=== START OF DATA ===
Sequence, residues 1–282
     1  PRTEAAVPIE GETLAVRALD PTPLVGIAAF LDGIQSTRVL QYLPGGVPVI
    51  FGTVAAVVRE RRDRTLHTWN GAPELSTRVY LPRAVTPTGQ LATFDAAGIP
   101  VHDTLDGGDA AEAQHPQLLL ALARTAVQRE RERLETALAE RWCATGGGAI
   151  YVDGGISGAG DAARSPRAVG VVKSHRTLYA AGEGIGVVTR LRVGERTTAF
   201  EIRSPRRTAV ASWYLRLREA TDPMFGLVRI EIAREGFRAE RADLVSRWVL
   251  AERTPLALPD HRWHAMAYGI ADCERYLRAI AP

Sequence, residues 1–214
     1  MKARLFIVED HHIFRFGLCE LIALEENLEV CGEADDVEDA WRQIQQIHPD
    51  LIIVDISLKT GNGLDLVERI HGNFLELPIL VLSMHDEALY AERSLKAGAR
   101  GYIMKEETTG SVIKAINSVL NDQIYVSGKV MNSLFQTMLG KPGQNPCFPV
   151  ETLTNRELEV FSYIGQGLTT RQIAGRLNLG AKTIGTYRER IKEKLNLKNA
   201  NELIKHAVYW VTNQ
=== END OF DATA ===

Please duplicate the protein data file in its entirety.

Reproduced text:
Sequence, residues 1–282
     1  PRTEAAVPIE GETLAVRALD PTPLVGIAAF LDGIQSTRVL QYLPGGVPVI
    51  FGTVAAVVRE RRDRTLHTWN GAPELSTRVY LPRAVTPTGQ LATFDAAGIP
   101  VHDTLDGGDA AEAQHPQLLL ALARTAVQRE RERLETALAE RWCATGGGAI
   151  YVDGGISGAG DAARSPRAVG VVKSHRTLYA AGEGIGVVTR LRVGERTTAF
   201  EIRSPRRTAV ASWYLRLREA TDPMFGLVRI EIAREGFRAE RADLVSRWVL
   251  AERTPLALPD HRWHAMAYGI ADCERYLRAI AP

Sequence, residues 1–214
     1  MKARLFIVED HHIFRFGLCE LIALEENLEV CGEADDVEDA WRQIQQIHPD
    51  LIIVDISLKT GNGLDLVERI HGNFLELPIL VLSMHDEALY AERSLKAGAR
   101  GYIMKEETTG SVIKAINSVL NDQIYVSGKV MNSLFQTMLG KPGQNPCFPV
   151  ETLTNRELEV FSYIGQGLTT RQIAGRLNLG AKTIGTYRER IKEKLNLKNA
   201  NELIKHAVYW VTNQ